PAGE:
• Malicious email and phishing both rely on user deception, fooling the user to click a link or download an attachment.
  • Added together, 55% of financial companies said ransomware used one of these three methods.

Do financial organizations pay the ransom?

Yes, 43% of companies said they paid a ransom to get their data back after a ransomware attack. According to Sophos, this is only slightly better than the cross-sector figure of 46%. This indicates that financial institutions are largely just as willing as most other organizations to pay their attackers if it means restoring data faster.

As a rule of thumb, federal authorities strongly advise all organizations not to pay the ransom, except as a last resort. Paying the attackers fuels the growth of the ransomware market, making it worse for everyone. Also, some attackers will gladly take the money without ever decrypting data as promised, resulting in a steep financial loss for the victim.

How much do they pay?

Financial organizations paid an average of $1.6 million to their ransomware attackers in an attempt to retrieve their data. This represents a six-fold increase over the previous year’s average of $272,655. Additionally, the amount is more than $100,000 greater than the average amount paid by companies across all industries.

It’s important to note that many companies do not share information about their ransom payments. In many cases, it’s in their best interest not to report the attack at all. In Sophos’s research, only 18 financial organizations shared the ransom amounts they paid. $1.6 million was the average amount among those 18 companies.

What about data backups?

A robust data backup solution is an essential layer of defense against ransomware. However, not all companies are able to successfully restore their backups after a ransom attack, due to limitations in the backup system or other factors.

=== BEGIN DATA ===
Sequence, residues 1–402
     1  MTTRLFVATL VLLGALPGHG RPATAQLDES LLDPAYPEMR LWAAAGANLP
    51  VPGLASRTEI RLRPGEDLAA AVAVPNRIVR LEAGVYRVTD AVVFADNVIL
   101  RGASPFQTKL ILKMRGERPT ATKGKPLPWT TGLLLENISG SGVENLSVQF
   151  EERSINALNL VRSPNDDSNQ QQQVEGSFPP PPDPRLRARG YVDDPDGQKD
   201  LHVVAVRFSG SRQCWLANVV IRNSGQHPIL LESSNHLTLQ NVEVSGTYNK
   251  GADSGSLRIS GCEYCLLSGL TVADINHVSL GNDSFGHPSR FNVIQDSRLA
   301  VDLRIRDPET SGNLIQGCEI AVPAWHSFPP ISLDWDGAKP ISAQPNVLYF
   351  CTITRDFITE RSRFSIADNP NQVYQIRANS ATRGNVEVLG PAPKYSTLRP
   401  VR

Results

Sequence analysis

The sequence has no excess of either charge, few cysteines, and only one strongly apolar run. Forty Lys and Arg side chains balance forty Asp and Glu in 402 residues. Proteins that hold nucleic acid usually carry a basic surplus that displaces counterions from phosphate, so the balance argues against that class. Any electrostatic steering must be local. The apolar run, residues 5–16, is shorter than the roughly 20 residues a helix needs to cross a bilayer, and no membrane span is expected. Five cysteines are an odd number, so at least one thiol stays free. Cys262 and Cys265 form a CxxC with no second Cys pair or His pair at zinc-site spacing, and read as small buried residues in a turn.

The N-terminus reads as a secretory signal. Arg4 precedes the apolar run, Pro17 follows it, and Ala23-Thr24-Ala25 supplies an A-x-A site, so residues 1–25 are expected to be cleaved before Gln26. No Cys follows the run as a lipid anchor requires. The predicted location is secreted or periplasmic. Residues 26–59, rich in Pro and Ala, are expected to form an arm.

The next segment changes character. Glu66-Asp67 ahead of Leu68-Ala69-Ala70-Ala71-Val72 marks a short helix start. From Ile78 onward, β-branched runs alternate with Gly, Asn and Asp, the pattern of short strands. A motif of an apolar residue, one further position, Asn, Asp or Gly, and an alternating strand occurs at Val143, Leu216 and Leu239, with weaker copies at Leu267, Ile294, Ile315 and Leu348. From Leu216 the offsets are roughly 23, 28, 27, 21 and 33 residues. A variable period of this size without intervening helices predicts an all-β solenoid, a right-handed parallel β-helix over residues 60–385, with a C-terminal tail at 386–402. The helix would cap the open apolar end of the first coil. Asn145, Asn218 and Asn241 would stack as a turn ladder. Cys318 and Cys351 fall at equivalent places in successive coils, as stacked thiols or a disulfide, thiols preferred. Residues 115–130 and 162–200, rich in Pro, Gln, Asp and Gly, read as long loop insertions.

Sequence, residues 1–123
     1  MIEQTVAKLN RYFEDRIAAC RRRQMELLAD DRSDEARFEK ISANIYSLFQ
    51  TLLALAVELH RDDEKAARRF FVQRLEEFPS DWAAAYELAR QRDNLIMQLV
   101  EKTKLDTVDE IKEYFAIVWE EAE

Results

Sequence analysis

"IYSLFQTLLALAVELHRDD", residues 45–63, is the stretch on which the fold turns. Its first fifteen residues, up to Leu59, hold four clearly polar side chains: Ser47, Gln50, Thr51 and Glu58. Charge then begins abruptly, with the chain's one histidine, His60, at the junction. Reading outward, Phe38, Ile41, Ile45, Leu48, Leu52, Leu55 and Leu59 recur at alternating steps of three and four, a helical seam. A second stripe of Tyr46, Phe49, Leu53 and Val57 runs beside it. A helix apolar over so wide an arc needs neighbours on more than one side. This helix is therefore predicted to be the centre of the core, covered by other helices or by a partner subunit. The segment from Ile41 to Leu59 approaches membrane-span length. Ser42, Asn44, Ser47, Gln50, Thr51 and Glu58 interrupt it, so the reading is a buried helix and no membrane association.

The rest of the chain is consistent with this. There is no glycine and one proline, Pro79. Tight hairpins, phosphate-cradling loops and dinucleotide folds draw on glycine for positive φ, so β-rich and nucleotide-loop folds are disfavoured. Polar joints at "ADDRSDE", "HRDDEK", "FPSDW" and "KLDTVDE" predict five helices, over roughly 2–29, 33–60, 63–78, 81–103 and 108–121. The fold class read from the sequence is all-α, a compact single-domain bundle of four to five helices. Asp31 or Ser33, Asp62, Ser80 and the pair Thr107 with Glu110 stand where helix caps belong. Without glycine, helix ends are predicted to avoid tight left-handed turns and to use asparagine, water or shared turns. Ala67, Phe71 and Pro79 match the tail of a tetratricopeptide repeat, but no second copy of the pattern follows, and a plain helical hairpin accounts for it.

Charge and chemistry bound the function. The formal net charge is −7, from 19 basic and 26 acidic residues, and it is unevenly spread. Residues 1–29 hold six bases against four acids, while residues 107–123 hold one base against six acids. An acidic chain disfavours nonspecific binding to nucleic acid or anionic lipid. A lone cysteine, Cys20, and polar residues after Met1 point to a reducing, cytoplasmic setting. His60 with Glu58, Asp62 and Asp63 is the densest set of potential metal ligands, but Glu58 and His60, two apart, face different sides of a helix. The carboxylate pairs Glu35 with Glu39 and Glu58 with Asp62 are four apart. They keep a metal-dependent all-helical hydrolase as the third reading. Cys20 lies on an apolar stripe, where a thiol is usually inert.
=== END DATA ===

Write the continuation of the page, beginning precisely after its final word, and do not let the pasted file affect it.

69% of financial organizations reported that they used backups to restore data after a ransomware attack. This is an encouraging figure, but it also means that more than 30% of companies were still unable to leverage a backup (or they retrieved the data via other methods, such as by paying the ransom).

How much are the recovery costs for financial companies?

Not surprisingly, ransomware attacks cost financial institutions more than most other industries. In 2023, financial organizations shelled out an average of $2.23 million to fully recover after a ransomware attack.

This figure does not include any ransom payments, which represent only a fraction of the total recovery costs for most organizations. Ransomware attacks can cause operational downtime, idled workers, hardware malfunction/replacement, lost revenue/growth opportunities and long-term reputational damage, all of which can be enormously costly.

In fact, even among companies that used backups to restore data, the average recovery cost was still $375,000. Still, this was far cheaper than paying the ransom. Among financial institutions that paid a ransom to get their data back, the average recovery cost was $3 million.

What was the impact on business/revenue?